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News Article : Why small business does not create jobs
Category: Economy & Global : Local Economy
Author:Gillian Findlay
Email:[email protected]
Posted:28 Jul 2015

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In South Africa we are self-employed out of necessity

Andrew Lester, Chief Marketing officer of Different Life, finds a solution to unemployment in South Africa

“Small business creates jobs” or so the saying goes. The corollary to this statement is that it is big business’ mandate to shed jobs as it attempts to do “more for less”.

Both statements are true ... well kinda.

Both statements are only kinda true as they don’t tell the full story. I believe the truth is something more along the lines of “entrepreneurship creates jobs”.

An entrepreneurial venture needn't be housed in a small business to create jobs: large entrepreneurial firms create jobs all the time as they create new categories and markets and, in so doing, create jobs that weren't even conceived of in the past. Small business can create jobs but not all small businesses do create jobs.

An article on boosting small business on the website states that “Data on small and medium enterprises suggests that these enterprises contribute about half of total employment, more than 30% of total gross domestic product.” Half? Wow, that is significant!

But the large majority of small businesses never really create jobs beyond the owner. According to Towards a Ten Year Review, 2.3 million people own at least one Value Added Tax (VAT) unregistered company but only 338 000 owners have employees, and there were only 734 000 employees. Now maybe it is just me, but something doesn’t add up here?

To me, the definition of a job is that you are in someone else's employ, that you have a salary. If that is the case, then these 2.3 million entities have only created 734 000 jobs.

That is … well, nothing. It really means that what we have is a large group of survivalists and the real gap is in developing entrepreneurial skills, skills that leverage the courage and the nous to “go it alone” and aid in the creation of businesses that employ people beyond the owner.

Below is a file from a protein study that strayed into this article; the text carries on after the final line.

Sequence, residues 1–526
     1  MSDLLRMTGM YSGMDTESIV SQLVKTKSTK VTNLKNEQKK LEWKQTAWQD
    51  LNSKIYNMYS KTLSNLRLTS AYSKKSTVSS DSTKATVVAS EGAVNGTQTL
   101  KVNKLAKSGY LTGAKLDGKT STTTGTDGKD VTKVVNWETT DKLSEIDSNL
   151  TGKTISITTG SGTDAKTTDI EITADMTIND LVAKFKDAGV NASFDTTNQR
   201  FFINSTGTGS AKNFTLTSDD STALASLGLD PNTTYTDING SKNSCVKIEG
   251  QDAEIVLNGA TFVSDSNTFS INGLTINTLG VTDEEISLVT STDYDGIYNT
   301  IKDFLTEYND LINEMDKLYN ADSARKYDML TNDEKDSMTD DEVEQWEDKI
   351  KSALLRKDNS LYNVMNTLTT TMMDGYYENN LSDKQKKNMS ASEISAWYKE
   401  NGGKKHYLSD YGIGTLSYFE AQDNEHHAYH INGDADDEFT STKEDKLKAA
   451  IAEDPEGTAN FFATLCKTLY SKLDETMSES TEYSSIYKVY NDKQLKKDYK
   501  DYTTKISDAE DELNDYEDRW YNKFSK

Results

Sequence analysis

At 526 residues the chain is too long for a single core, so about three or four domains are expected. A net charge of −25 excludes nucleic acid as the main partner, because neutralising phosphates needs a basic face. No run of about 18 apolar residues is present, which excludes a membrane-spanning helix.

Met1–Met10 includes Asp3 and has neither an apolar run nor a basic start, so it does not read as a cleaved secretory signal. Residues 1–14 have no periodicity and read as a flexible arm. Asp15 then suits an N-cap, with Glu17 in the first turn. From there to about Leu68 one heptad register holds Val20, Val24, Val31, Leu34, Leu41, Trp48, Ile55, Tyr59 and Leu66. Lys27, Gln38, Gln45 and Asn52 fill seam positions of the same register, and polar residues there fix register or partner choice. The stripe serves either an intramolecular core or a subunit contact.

I have, for all of my working life, been an entrepreneur: I have never had a job. As such, it is not surprising that I view entrepreneurship as a potential solution to our rather large unemployment problem.

But I can also tell you that there is a huge difference between being self-employed and being an entrepreneur.

It seems to be that in South Africa we are self-employed out of necessity, which does not make us entrepreneurs, and our ability to forgo the efficiency of big corporations for the flexibility of self-employed individuals is not limitless.

That is to say we cannot achieve the goals we are setting for small business without the missing entrepreneurial ingredient.

For me there is no doubt that entrepreneurship is key to job creation. What we need to facilitate is a culture of entrepreneurship, real game-changing entrepreneurship.

This is not something that is achieved overnight. The NDP sees 90% of new employment coming from small, medium and micro enterprises (SMMEs) by 2030.

This is a brave claim and will require the development of some real entrepreneurial capabilities. I believe that we should be backing any endeavour that seeks to facilitate entrepreneurial development.

NGOs such as Paradigm Shift and The Hope Factory, organisations like the Awethu Project and Shanduka Black Umbrellas need our support.

If 90% of new jobs are going to come from entrepreneurs, we had all better get behind their development.

And if the government is serious about achieving its target of 6 million jobs by 2019, its best hope would be to grow and develop a cohort of talented entrepreneurs.

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